Another moment. Why do we need programms, good interfaces, technical devices? A rhetoric question - of course, to free ourselves from routine, to speed up performance, to increase work efficiency. In other words, user expects his problems to be solved. Solved, not created! When, instead of increase in efficiency, user comes across the problem of wasting time, necessity to correct or re-do the same task, he becomes angry. It is psychologically difficult for him to talk to the culprit of these problems. He has a strong argument: I used to perform my job without this software and had no complaints.
About money and clients. Only entertainment software makes money directly. In other cases it's a user, who makes money. He shares his money with programmers only because their software allows him to make more money or to reduce the workload. A client pays a user for his skills, experience and knowledge. The user has already persuaded a client, found approaches to him and got his money. Now everybody serves the user, they have to explain to the user, why he should give a certain amount of his money to somebody else - accountants, programmers, security staff, cleaners. All these people usualy realize, that perform auxiliary functions. Accountants, programmers or plumbers often think that the whole enterprise is created only for the sake of writing financial reports, maintaining the coolest database and maintaining the water system. Such an illusion results in negative attitude to the representatives of these professions.
But let's leave all the above behind for a while, and imagine that a developer's behaviour is correct and professional. He found the necessary user, introduced himself, behaves politely, asks understandable questions and calmly answers the questions. Seems like verything is ok. But, for no particular reason, user starts to hurry, he is annoyed and sidesteps from answering questions. The developer is working. He performs the job he is being paid for. The user wastes his working time on helping one of his co-workers...
Conclusion. A user can do whatever he wants during a conversation. A developer, a programmer, a system administrator, tech support specialist or helpdesk person should behave as a professional diplomat. All refusals and errors are exactly their fault. There is just one exception: if you have hired a user as a tester. Then the quality of communication is on him.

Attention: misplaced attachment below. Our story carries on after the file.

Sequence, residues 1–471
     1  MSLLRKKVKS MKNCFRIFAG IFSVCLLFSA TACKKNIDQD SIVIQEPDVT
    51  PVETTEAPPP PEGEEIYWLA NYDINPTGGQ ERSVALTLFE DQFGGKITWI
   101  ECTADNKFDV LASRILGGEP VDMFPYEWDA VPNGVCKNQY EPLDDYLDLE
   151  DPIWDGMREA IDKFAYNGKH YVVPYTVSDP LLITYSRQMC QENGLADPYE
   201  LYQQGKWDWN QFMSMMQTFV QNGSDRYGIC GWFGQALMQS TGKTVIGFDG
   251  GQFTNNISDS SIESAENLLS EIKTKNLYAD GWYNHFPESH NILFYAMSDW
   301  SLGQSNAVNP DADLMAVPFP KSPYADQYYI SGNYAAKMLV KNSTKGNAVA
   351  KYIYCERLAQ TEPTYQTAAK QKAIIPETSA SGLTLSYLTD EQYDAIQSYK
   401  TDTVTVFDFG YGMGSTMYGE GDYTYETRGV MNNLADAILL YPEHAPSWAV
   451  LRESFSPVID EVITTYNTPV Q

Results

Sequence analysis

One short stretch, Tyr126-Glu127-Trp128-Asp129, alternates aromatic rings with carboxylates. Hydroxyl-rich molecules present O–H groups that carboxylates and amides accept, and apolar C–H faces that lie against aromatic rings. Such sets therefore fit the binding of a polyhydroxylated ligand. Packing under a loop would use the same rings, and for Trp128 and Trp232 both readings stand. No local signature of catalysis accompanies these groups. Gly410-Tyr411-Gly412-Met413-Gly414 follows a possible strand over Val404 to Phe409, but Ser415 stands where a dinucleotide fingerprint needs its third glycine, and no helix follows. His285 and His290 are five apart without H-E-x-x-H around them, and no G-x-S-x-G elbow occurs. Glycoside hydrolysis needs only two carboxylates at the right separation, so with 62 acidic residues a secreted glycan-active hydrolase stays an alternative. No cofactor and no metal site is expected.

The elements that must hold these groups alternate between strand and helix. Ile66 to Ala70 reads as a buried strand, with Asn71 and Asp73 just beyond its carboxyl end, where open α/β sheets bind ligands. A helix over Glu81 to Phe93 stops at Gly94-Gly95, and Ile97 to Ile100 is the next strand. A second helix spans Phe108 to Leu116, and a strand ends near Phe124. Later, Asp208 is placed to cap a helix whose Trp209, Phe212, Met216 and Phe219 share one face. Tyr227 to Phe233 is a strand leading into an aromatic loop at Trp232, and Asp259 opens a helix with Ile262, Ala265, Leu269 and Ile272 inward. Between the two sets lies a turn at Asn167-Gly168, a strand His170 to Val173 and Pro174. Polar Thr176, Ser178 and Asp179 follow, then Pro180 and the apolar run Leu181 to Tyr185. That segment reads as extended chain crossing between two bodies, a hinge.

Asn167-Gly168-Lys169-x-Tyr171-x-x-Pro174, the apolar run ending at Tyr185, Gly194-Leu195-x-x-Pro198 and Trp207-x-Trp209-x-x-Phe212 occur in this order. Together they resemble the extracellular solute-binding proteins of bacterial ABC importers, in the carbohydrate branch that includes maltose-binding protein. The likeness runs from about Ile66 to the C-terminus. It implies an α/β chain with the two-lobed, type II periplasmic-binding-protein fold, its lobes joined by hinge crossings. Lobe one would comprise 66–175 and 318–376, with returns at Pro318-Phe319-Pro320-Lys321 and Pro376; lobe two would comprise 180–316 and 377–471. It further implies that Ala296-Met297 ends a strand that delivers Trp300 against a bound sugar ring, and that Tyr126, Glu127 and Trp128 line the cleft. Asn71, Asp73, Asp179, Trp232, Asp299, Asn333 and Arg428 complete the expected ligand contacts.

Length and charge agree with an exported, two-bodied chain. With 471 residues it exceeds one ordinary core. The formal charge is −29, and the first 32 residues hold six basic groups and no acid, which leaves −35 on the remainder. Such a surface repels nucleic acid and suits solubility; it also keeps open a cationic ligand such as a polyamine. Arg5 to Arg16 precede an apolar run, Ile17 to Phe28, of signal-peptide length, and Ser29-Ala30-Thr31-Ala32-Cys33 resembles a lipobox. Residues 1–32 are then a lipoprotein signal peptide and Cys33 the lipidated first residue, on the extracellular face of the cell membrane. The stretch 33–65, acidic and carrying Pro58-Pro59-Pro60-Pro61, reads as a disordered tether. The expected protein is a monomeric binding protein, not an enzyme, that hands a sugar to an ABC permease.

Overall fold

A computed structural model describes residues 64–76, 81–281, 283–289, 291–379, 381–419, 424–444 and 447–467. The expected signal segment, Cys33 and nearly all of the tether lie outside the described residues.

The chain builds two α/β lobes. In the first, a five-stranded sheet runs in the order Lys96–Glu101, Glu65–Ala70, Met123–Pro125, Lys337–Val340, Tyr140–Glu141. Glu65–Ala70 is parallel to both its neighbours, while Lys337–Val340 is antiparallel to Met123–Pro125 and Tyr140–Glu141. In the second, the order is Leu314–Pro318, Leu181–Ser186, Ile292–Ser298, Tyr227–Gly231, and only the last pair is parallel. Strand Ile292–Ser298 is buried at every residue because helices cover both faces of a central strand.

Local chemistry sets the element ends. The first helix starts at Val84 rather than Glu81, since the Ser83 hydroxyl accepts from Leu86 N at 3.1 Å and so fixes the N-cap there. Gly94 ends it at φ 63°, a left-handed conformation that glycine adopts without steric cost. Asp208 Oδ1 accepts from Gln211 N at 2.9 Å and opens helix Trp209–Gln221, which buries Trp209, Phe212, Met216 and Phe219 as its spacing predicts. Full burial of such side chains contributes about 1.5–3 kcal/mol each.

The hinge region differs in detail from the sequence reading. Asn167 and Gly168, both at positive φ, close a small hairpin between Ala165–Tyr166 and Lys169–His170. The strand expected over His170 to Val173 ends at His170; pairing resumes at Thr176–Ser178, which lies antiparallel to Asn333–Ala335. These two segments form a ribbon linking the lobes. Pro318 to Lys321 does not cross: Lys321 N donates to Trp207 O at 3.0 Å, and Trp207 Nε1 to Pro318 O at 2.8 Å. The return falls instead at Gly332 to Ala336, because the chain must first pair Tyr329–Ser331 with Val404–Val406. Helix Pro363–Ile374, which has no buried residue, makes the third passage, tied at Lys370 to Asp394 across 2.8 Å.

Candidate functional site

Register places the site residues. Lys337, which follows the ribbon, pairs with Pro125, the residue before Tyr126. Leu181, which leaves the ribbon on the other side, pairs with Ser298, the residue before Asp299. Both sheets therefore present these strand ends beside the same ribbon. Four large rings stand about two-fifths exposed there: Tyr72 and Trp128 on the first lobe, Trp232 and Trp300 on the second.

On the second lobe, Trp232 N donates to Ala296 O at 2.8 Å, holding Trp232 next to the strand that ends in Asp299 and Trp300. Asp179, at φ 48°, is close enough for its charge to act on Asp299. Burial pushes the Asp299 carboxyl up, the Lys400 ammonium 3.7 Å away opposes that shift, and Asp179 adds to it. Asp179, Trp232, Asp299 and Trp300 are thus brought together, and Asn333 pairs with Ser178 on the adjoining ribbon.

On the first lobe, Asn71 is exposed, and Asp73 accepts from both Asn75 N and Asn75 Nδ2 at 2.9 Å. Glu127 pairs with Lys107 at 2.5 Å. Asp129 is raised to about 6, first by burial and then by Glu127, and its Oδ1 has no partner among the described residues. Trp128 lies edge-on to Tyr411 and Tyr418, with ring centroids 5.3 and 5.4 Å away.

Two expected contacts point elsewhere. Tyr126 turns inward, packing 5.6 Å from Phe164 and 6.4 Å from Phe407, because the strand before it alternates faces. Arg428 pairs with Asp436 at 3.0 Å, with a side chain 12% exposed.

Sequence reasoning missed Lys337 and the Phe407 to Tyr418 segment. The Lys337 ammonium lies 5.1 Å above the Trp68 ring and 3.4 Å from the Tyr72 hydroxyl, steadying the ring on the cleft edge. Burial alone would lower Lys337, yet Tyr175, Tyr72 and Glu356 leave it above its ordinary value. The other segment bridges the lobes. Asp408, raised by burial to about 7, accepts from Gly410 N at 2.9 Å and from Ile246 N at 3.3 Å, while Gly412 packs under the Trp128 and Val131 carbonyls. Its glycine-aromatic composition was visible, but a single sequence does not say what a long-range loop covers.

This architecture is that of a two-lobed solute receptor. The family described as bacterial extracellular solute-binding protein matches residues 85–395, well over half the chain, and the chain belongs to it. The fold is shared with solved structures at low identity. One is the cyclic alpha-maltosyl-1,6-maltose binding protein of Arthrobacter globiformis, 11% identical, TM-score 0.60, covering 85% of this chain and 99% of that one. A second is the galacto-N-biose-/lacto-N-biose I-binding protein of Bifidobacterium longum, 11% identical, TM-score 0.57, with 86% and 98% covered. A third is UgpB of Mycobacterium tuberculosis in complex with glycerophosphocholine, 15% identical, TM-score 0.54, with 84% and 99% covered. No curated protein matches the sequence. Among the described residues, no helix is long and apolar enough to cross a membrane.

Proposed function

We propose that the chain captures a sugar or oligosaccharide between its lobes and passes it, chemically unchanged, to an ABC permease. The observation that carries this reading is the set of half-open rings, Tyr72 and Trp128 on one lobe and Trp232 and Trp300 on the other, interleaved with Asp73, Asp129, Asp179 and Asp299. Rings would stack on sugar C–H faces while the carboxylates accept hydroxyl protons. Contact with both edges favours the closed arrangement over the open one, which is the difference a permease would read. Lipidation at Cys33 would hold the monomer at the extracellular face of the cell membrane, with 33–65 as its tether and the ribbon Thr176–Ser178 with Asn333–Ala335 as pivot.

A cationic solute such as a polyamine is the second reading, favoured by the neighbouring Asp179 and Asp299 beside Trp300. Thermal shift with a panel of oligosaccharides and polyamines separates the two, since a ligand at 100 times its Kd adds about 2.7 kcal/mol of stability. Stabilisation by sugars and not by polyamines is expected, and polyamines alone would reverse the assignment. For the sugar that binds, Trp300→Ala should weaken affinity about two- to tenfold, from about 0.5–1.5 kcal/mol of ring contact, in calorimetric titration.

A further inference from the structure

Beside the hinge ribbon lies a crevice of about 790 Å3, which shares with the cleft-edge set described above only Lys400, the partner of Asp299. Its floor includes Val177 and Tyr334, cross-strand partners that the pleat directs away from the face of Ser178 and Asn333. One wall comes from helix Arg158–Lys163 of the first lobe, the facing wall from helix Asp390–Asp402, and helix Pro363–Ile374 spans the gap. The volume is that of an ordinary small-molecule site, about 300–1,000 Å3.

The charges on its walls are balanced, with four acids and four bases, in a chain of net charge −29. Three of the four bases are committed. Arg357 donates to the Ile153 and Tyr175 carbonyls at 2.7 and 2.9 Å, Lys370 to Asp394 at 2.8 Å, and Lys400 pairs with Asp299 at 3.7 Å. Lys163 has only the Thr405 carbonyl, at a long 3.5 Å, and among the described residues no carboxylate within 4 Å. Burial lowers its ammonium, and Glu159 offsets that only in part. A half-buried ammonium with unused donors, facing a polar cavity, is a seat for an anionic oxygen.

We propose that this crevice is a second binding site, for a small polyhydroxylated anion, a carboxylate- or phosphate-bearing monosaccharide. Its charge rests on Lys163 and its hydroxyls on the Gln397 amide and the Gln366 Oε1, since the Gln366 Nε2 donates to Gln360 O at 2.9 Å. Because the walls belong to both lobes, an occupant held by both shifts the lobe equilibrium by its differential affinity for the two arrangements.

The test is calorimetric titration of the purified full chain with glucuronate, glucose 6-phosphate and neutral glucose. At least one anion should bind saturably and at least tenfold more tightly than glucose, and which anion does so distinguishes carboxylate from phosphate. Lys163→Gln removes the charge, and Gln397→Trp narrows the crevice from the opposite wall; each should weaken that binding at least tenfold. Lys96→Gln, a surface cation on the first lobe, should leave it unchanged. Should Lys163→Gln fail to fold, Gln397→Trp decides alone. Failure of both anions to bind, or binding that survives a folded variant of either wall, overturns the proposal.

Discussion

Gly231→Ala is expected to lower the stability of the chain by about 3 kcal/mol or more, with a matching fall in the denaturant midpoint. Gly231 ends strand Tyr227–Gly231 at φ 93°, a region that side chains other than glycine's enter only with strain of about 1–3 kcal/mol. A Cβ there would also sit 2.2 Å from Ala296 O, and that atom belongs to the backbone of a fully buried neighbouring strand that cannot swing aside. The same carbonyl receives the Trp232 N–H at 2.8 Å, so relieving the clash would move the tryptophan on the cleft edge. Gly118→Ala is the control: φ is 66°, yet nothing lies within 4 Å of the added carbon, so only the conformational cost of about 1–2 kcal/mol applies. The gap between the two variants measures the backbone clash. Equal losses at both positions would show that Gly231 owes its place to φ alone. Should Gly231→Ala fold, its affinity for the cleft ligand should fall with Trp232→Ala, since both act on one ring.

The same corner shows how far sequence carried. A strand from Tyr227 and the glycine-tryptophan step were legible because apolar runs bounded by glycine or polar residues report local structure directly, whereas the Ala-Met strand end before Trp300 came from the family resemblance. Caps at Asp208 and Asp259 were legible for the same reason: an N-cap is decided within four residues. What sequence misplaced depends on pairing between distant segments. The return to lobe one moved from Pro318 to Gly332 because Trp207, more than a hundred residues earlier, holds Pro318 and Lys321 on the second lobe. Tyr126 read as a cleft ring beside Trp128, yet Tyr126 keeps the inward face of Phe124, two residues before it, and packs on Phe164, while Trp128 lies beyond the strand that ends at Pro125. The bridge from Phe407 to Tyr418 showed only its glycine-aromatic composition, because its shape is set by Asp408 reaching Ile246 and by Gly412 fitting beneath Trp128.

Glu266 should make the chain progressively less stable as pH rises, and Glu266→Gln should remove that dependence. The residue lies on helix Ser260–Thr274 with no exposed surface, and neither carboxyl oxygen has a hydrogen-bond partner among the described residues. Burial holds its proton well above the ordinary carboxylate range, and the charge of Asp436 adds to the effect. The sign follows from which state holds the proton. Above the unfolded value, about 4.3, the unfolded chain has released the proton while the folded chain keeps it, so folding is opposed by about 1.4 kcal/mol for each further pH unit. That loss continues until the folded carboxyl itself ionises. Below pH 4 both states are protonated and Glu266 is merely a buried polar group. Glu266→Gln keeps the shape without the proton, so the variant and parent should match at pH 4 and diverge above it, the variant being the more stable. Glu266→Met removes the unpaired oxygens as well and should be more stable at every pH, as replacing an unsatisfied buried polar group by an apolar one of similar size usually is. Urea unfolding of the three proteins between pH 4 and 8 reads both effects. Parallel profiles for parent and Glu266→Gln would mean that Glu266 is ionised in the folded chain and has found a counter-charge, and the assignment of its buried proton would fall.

Communication has several illusions. If a person keeps silence, he has nothing to say. If a person does not ask questions, he has understood everything. If I heard a person, I have understood him. If I had noted down the question, there could be no mistakes in interpreting it.
Such illusions result from the fact, that during a dialogue a person not only hears and reacts, but also interprets the situation somehow. Due to casual attribution (that was described above), a person tries to find explanations to everything. The interpretation can be quite precise as well as incorrect. And an error can be fatal. Two thirds of conflicts between people start from misinterpretation of words or actions. Interpretation mistakes can be avoided by using feedback.
Feedback principle is very simple: say aloud what you think, show what you have noted down.
A person can be silent because he does not know what exactly he should talk about or he excpects to be asked questions, can not find necessary words, he has been distracted or is just deep in his thoughts. Ask him a question, what else do we need to discuss? Or: what topics haven't we discussed yet? The user will either confirm that the conversation is over or will propose to put it off, as he cannot continue the conversation, though there are still topics to be discussed.
A person does not ask questions because he might not realize that he does not undersatnd something, or he is afraid to seem stupid, cannot find the right moment to ask a question. To get feedback, offer a user to voice his concerns. If there are no concerns, let him talk about the essence of the questions discussed. For instance, So, we are talking about "...", what do you consider to be the most imporatnt here?
The easiest things to understand in the speech of others are things that are clear. Attention concentrates on important from the listener's point of view moments. "We want to reinstall this computer tomorrow ". The speaker implies that he would like somebody from Tech support to come and reinstall the computer TOMORROW. The listener hears that WE WILL reinstall the computer by ourselves. Should he voice his version of the conversation, there will be no conflict tomorrow.
Answers, that have been noted down, can contain the same mistakes as the ones that you have heard. The consequences are worse, however. You might want to say "But I have noted this down". Even if you note your thoughts down it is still interpretation.
Misinterpretation destroys the dialogue by creating a feeling of deliberate lying.
When getting feedback try to avoid general or rhetoric questions.
General questions are questions which can be answered "yes" or "no". A simple question "Do you need a macros for this document?" The answer is "No". Now try to figure out, what the respondent meant:
He does not need the macros, others need it.
He needs a macros for another document.
He does not need a macros at all.
Rhetoric questions are questions that do not require an answer. They are good for arguments, presentations, lobbying but does not suit for feedback, because the answer is not required.
So, the user stops interaction implicitly or explicitly when:
- a developer refuses to understand his terminology
- a user himself cannot understand professional slang of the developer
- a user and a developer use the same terminology but in different meanings
- instead of identifying errors you start looking for the one who is responsible for them
- a developer demonstrates his superiority
- a developer acts like he is the most important person
- a user wastes too much time on communication
- user's words are misinterpreted
- How do you understand a user. Part 2.1 Why is he silent? Implication of knowledge.
- How do you understand a user. Part 1 Why is he silent?